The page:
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No-deal Brexit will leave UK ‘near bankrupt’ warns Sir Richard Branson

‘I’m absolutely certain that quite a few businesses will close if there’s a hard Brexit,’ said the Virgin boss

Ben Chu
Friday 14 December 2018 12:07 GMT
Richard Branson: UK will be 'near bankrupt' with no-deal Brexit

A no-deal Brexit would leave the UK “near bankrupt”, according to Sir Richard Branson.

“I’m absolutely certain that quite a few businesses will close if there’s a hard Brexit,” the Virgin boss told the BBC on Friday.

“It’s now very, very clear that Britain would be near bankrupt if we push ahead with something like a hard Brexit.”

“I think Theresa May needs to be 100 per cent honest with the public ... If British business suffers, British people will suffer, and it’s really important that people realise that.”

The Bank of England produced a “worst case” scenario for a no-deal Brexit last month which showed the UK suffering its most extreme recession since the Second World War and with house prices falling by a third.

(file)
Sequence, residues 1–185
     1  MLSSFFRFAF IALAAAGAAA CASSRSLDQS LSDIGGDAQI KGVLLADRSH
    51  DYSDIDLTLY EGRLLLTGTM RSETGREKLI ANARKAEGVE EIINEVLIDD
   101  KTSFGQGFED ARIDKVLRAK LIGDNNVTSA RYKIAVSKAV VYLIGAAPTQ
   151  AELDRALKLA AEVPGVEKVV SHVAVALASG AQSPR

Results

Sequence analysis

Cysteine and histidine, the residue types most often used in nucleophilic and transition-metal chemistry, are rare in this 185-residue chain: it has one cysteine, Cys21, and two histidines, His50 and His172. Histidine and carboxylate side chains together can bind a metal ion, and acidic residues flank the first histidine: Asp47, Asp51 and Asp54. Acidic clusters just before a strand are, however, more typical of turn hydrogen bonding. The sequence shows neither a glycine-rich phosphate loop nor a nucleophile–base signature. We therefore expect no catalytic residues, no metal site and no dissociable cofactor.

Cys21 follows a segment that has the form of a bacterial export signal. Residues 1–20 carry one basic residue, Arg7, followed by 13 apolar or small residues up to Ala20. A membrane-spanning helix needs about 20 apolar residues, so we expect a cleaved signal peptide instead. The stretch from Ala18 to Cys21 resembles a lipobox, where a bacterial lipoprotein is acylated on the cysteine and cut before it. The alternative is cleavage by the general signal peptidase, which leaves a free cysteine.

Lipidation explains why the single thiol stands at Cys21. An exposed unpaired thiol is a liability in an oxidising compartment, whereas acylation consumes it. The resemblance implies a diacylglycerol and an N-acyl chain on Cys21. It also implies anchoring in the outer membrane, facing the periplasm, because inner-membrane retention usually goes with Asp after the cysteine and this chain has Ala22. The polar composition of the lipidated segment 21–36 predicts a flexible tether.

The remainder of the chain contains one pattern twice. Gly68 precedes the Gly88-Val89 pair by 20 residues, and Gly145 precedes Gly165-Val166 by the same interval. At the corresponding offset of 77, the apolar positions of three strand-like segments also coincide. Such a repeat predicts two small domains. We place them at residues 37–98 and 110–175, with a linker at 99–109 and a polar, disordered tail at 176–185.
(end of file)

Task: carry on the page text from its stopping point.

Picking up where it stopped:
A no-deal Brexit would force the imposition of a huge array of checks on all UK goods and product exports to the EU, which would likely cause severe transport blockages in both directions.

This would be disastrous for UK manufacturers and retailers with just-in-time supply chains. It could also threaten the supply of food and medicines to the UK.

There would also be no fall-back international agreement for aviation, meaning planes would be unable to fly from the UK to the EU and vice versa.

“Policymakers must be in no doubt of how serious the consequences of no deal would be for the UK economy and jobs in every region and nation,” says the CBI lobby group.

Many MPs, from all parties, have said that they would act to prevent a no-deal Brexit.

Yet, under the Article 50 process, the UK is scheduled to leave the EU with without a deal on 29 March 2019 if the withdrawal agreement creating a 21-month transition period is not approved.

Some Brexiteers have been calling on the government to start planning for what they call a “managed no-deal Brexit”, by trying to conclude small deals with the EU covering aviation and medicines in order to limit the disruption of leaving without an agreement.

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